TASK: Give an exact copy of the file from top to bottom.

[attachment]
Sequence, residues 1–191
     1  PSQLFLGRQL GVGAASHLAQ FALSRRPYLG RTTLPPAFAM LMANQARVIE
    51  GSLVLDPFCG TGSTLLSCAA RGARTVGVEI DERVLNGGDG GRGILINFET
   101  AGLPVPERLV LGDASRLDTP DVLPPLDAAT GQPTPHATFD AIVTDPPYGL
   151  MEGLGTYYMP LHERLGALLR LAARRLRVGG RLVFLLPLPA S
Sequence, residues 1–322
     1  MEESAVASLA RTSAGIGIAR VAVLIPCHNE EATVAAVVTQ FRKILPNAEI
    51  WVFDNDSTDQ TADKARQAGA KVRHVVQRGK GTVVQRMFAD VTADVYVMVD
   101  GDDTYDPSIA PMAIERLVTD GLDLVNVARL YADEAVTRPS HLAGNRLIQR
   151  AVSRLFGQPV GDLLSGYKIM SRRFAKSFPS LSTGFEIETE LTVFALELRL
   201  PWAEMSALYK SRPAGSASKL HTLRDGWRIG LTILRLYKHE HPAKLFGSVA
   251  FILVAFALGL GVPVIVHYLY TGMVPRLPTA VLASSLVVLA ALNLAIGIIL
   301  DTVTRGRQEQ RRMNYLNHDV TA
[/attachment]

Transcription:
Sequence, residues 1–191
     1  PSQLFLGRQL GVGAASHLAQ FALSRRPYLG RTTLPPAFAM LMANQARVIE
    51  GSLVLDPFCG TGSTLLSCAA RGARTVGVEI DERVLNGGDG GRGILINFET
   101  AGLPVPERLV LGDASRLDTP DVLPPLDAAT GQPTPHATFD AIVTDPPYGL
   151  MEGLGTYYMP LHERLGALLR LAARRLRVGG RLVFLLPLPA S
Sequence, residues 1–322
     1  MEESAVASLA RTSAGIGIAR VAVLIPCHNE EATVAAVVTQ FRKILPNAEI
    51  WVFDNDSTDQ TADKARQAGA KVRHVVQRGK GTVVQRMFAD VTADVYVMVD
   101  GDDTYDPSIA PMAIERLVTD GLDLVNVARL YADEAVTRPS HLAGNRLIQR
   151  AVSRLFGQPV GDLLSGYKIM SRRFAKSFPS LSTGFEIETE LTVFALELRL
   201  PWAEMSALYK SRPAGSASKL HTLRDGWRIG LTILRLYKHE HPAKLFGSVA
   251  FILVAFALGL GVPVIVHYLY TGMVPRLPTA VLASSLVVLA ALNLAIGIIL
   301  DTVTRGRQEQ RRMNYLNHDV TA